The progress of African women leaders in the past decade is undeniably on the rise. For example, while the high hopes of having the first female president in America came tumbling down when Hilary Clinton lost out to Barack Obama in the Democratic Party nomination last month, Africa already prides itself with a formidable woman president - Ellen Johnson-Sirleaf of Liberia. We boast of female vice presidents in South Africa (Phumzile Mlambo-Ngcuka), Zimbabwe (Joice Mujuru), and The Gambia (Dr Aja Isatou Njie-Saidy), in Mozambique Prime Minister Luisa Oi ' was given the Global Women's Leadership Award on 8 June 2008 at the annual Global Summit of Women, held in Hanoi, Vietnam.
Even as the World Economic Forum on Africa (WEF) held in Johannesburg last month launched the first ever Africa Gender Parity Group to collaborate ways to eradicate gender inequality and better engage women in the economy, many dynamic African women from all strata of life are already on the ball playing their roles in helping move the continent forward. From Algeria to Zimbabwe, African women are the backbone of their societies. With unmeasured resolve and selflessness, they are working hard to bring positive solutions to the plethora of economic and social hardship they encounter - as mothers, caregivers, household managers, or participants in civil society. They are also increasingly becoming major contributors to formal and informal economies as well as taking up major political roles. In all African countries, women do most of the work, including most of the agricultural work. It is estimated that women produce more than half the food in most African countries.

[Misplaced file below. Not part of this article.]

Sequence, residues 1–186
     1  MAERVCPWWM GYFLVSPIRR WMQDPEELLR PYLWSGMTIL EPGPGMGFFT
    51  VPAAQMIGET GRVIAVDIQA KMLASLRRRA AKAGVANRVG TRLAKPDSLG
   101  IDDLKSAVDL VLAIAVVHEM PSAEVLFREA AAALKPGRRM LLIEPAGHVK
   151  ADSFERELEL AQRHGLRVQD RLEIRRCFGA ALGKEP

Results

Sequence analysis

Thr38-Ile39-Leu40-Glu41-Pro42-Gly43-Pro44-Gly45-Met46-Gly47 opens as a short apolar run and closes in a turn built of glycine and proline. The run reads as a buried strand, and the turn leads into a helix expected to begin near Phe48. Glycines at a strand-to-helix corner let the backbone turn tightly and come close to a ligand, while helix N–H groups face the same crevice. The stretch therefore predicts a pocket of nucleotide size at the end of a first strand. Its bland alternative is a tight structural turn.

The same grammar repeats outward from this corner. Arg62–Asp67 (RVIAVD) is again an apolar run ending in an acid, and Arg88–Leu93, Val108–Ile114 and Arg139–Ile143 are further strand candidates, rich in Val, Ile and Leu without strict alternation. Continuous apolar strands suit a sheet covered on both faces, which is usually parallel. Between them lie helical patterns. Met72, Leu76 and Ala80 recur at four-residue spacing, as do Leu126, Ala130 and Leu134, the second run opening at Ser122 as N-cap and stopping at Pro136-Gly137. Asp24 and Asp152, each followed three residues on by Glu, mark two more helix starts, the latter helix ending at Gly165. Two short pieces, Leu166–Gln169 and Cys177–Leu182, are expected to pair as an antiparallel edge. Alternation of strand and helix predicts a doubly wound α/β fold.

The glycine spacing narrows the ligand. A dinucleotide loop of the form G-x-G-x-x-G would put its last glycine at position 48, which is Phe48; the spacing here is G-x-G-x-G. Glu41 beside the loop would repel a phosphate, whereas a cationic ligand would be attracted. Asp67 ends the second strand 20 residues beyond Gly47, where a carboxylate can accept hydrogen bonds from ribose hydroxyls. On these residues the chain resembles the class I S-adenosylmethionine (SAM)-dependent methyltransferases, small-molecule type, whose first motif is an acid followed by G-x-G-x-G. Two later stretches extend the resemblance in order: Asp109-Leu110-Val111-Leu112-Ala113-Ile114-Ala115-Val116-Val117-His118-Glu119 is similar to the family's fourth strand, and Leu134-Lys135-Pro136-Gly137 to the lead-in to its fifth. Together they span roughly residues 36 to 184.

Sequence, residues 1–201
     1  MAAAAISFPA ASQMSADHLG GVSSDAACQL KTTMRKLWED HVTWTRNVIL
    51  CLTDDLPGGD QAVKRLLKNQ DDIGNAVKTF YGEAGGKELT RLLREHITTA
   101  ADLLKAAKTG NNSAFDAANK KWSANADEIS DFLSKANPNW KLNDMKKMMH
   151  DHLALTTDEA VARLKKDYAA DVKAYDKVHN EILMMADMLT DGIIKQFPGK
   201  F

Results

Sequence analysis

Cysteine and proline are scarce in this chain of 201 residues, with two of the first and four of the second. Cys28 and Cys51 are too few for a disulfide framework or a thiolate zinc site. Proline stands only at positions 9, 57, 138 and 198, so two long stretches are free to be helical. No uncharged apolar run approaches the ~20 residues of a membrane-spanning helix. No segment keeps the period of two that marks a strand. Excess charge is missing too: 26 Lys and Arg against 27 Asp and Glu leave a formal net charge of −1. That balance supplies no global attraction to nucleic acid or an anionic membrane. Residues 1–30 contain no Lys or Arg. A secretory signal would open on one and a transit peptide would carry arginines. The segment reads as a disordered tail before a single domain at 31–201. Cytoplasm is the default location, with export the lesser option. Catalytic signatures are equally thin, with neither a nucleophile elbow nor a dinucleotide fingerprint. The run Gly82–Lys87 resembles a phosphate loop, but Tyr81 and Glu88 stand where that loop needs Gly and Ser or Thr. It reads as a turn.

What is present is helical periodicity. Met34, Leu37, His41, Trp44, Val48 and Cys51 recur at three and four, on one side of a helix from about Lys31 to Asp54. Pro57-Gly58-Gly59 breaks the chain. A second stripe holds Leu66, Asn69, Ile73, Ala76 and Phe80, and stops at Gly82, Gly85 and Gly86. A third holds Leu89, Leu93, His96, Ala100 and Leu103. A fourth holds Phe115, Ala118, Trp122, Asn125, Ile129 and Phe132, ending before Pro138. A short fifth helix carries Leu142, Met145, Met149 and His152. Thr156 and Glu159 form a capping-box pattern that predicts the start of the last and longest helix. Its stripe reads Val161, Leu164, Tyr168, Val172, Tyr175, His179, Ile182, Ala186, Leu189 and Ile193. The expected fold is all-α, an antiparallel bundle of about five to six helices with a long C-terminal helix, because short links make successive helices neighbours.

Due to their nurturing instinct, women bring different priorities and responsibilities, and they tend to value issues such as education, health, water and food as priority areas. In rural areas where male emigration to urban areas has created a gap in households, women have taken on increased responsibilities to fill the gap left by their spouses. They are therefore taking over their husband's roles and responsibilities, including heading households in the most challenging of times. These women of substance deserve recognition.
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This article originally appeared in the New African, July 2008.
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